07 September 2017

The emergency services from across the South West have come together to highlight the unacceptable trend in the number of assaults on their staff while on duty.

Police, ambulance, fire and healthcare staff are regularly subjected to attacks from those they are trying to help, including verbal abuse, spitting, biting and even sexual assault.

During 2016, paramedics from South Western Ambulance Service NHS Foundation Trust (SWASFT) were on the receiving end of more than 161 assaults, this is an increase of 20% compared to five years ago. The type of injuries ambulance crews have received range from cuts and bruising and sprains through to more serious injuries such as dislocations and fractures.

Out of the 140 reported incidents by crews, 50 have resulted in successful police cautions and prosecutions which range from suspended sentence, community service orders, restorative orders, fines and even imprisonment.

One incident in Torquay saw Paramedic Stuart Riley and Karen Lott, Emergency Care Assistant (ECA) subjected to a prolonged serious assault. They were attempting to treat a person who was under the influence of a new psychoactive substance who turned violent. Karen is bravely back at work, even though the vicious attack has affected her.

David Partlow, Consultant Paramedic for SWASFT, said: “We take a zero tolerance approach to any form of physical or verbal abuse towards our staff, and all reports of violence and aggression are taken very seriously. We work closely with the police to seek prosecutions where possible.

“Every member of the Trust staff plays a vital role in serving the community by helping to deliver the right care in the right place at the right time and staff should be able to fulfil their life-saving role without fear of abuse or assault.”

The Trust encourages all incidents to be reported as soon as possible and has a robust reporting mechanism in place. Staff are also supported by the SWASFT Staying Well Service which provides immediate access to numerous sources of support including specialist counselling and physiotherapy. Police and other blue light services also have similar welfare services in place for their staff.

Devon and Cornwall Police, alone, have seen 2,009 days lost to police officers unable to work on the frontline as a result of being assaulted throughout 2016; this equates to around £1m in salary costs.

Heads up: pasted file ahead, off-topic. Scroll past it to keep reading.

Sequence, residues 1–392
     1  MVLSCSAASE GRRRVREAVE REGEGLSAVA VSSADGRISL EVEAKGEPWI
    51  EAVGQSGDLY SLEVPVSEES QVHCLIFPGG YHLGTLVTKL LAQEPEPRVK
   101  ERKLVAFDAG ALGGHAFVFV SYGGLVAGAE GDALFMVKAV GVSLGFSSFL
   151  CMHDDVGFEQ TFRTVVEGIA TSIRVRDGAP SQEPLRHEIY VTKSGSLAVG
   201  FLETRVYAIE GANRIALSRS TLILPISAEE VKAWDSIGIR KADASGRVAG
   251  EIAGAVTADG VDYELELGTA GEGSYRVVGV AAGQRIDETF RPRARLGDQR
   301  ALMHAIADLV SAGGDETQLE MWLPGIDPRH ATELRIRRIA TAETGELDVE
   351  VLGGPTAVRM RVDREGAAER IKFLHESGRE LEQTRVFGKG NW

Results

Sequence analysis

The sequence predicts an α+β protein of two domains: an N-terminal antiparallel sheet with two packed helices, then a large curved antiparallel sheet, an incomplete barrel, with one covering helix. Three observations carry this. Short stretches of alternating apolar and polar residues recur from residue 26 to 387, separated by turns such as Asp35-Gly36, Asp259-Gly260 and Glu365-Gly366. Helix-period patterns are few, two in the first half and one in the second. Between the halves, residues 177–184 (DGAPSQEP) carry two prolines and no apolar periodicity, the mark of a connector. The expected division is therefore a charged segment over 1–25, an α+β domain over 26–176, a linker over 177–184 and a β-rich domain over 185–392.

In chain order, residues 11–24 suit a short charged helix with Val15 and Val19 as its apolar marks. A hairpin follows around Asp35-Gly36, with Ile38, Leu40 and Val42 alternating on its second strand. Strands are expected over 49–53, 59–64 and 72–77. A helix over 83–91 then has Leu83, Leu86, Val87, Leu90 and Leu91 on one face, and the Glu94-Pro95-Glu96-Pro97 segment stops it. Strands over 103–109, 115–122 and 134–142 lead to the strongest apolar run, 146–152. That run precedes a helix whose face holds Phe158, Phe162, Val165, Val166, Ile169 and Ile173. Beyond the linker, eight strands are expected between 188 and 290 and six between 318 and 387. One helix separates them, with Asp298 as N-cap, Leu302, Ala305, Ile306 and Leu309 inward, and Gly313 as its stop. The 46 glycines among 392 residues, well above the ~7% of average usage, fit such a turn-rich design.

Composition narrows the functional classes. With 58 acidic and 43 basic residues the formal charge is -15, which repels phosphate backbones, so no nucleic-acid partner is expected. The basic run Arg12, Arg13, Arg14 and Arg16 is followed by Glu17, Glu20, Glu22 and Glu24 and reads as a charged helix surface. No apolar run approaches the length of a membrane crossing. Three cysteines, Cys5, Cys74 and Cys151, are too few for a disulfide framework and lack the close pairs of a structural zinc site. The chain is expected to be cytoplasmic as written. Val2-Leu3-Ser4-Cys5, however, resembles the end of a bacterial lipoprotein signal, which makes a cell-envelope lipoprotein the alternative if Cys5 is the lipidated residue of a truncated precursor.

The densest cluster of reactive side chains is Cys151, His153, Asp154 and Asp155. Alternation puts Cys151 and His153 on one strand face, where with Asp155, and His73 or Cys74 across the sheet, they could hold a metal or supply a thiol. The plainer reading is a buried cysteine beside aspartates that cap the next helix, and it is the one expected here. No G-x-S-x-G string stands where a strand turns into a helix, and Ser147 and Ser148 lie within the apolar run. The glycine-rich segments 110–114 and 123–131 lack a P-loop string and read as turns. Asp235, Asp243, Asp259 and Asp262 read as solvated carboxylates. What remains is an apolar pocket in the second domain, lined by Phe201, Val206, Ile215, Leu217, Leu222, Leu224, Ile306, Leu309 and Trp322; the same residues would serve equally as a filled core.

Notes to editors

  1. For further information and interview opportunities contact: the SWASFT Press office

Notes to editors: Media call

Media are invited to Crownhill Station, Plymouth for interviews with Ian Drummond-Smith at 3:30pm on Thursday 7th September. If you wish to attend, please email

Janice Adam from the police federation is available for interview, please call 01392 354770 to arrange a slot.

The office of the Police and crime commissioner are supportive of this release and can also be contacted on 01392 452574, for comment.

David Partlow, Stuart Riley and Karen Lott are available for interview on Friday 8th September at 11am at Trust Headquarters, Eagle Way, Exeter. Please contact

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Bath-based paramedic Simon Moody has been hailed a hero after he stepped in to save the life of a Clevedon man – while off duty – and is encouraging everybody to learn the lifesaving CPR skill. South Western Ambulance Service’s (SWASFT) paramedic Simon Moody was off duty and stuck in Bath city centre traffic in the pouring rain in May 2017 when he noticed a man looking unwell on the pavement. It soon became clear the man was struggling to breath and was going into cardiac arrest at the side of the road, as passers-by tried to help. Luckily for the patient Simon stepped straight in and gave him chest compressions putting his paramedic life-saving skills into action before backup from his ambulance crew mates arrived.

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